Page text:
actually, it’s a very different problem - but the next problem is that when I send the pdf for review using acrobat.adobe.com everybody can see each other’s comments
but I’d like to see all the team’s comments, but without them seeing each other’s comments. which acrobat.com doesn’t allow (and sending different copies of the same PDF screenplay is cumbersome, obviously)
WriterDuet allows to share a public link (which can open in their ReadThrough.com if the recipient doesn’t use WriterDuet) which by default does NOT allow “public comments”, so the author sees all comments but the reviewers see only their own comments - which is exactly what I want
BUT importing a PDF (or .fdx) created in Scrivener into WriterDuet loses a lot of formatting, so requires tweaking/recreating the format of many lines (all “General” text basically - text on the screen, text messages sent by characters, everything that’s not pure dialogue or action etc.). so it’s impractical.
as for writing directly in WriterDuet, well, in my opinion it is vastly inferior to scrivener - no snapshots, vastly inferior outliner (impossible to group scenes, move them around) and it’s not even possible to “disable” a scene - keep it in place but without including it in the screenplay. creatively, it is much less free and much more limiting (which is why we’re all here, I guess )
The way I’ve always handled getting and dealing with comments from collaborators is to send them in email the draft document. PDF a good format. Request that they put their comments inside the PDF; or if they prefer, print to paper, handwrite, scan to PDF. In both instances ask they send their own PDF’s back to me in email. That way nobody see’s others comments (which is one of your objectives). Then I usually display the PDF on the screen (or perhaps print to paper), review the comments, and then be selective in how I handle each and every one. I also get back to each contributor feedback on what they said, what I accepted, what I rejected, etc.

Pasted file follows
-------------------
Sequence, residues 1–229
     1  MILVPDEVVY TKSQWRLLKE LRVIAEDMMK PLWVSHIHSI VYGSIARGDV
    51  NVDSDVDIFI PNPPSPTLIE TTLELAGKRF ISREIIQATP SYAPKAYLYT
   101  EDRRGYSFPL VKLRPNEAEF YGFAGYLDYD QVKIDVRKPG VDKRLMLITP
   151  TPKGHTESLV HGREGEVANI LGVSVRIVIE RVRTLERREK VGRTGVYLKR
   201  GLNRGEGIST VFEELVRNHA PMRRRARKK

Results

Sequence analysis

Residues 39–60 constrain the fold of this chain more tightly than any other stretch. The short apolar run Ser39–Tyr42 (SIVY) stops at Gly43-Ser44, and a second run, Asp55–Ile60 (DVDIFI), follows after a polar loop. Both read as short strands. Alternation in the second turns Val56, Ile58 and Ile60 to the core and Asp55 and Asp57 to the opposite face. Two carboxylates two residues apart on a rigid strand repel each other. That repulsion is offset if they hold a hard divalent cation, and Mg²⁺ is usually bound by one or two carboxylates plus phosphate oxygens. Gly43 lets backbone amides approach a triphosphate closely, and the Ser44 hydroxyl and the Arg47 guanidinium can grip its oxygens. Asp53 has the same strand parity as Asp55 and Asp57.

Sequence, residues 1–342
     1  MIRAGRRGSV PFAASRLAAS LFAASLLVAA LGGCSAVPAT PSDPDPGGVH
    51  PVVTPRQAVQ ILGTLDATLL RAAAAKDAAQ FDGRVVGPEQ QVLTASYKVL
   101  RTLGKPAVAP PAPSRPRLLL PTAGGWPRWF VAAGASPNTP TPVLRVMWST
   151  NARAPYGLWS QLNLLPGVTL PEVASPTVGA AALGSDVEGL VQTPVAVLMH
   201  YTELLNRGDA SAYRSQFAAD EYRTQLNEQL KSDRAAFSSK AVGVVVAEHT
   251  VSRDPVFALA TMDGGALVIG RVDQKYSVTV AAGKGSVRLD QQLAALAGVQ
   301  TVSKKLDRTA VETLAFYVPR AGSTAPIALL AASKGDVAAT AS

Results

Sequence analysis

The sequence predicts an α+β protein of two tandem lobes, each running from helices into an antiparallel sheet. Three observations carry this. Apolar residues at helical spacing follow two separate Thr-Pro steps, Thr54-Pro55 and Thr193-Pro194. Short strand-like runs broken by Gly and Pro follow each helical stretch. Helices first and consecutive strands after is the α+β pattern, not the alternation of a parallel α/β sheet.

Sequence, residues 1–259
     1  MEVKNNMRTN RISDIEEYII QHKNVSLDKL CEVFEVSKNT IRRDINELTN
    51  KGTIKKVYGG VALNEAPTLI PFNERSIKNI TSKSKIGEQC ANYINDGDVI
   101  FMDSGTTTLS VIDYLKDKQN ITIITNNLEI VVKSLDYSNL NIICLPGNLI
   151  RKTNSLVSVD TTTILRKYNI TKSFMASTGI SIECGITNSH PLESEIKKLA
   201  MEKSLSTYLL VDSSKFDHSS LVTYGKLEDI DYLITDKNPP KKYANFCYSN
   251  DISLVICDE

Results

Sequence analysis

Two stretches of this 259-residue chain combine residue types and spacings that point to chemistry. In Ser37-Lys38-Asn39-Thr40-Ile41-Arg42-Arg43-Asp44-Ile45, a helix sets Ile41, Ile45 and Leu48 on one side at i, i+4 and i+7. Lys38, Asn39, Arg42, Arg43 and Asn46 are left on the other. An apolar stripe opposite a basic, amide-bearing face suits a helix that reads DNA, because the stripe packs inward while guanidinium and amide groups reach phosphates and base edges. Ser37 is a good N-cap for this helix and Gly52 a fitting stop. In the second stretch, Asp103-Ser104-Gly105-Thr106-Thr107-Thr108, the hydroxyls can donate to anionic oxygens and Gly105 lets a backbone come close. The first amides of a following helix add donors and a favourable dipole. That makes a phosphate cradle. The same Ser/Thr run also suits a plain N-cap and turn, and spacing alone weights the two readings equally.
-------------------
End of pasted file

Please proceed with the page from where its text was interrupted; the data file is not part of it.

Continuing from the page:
Keep it simple.
I have had similar experience. My solution was to export to RTF from Scrivener and then turn the RTF into a PDF. This preserves the formating.
How many people are you sending it too? You could just create an email group for reviewers in your email client and then send an email to that group with the attached PDF.
Setting up such a group is simple in Apple Mail.
Caution. A lot of people nowadays like to “reply all” in emails hence contributing to a potential barrage of emails and exposing comments to too many people. I accept that it’s the sender’s responsibility for addressees and what they are distributing … but “reply all” and inappropriate re-forwards of email threads is a pain sometimes.
I would send it as a BCC.
yep. that is the cautionary approach for me too.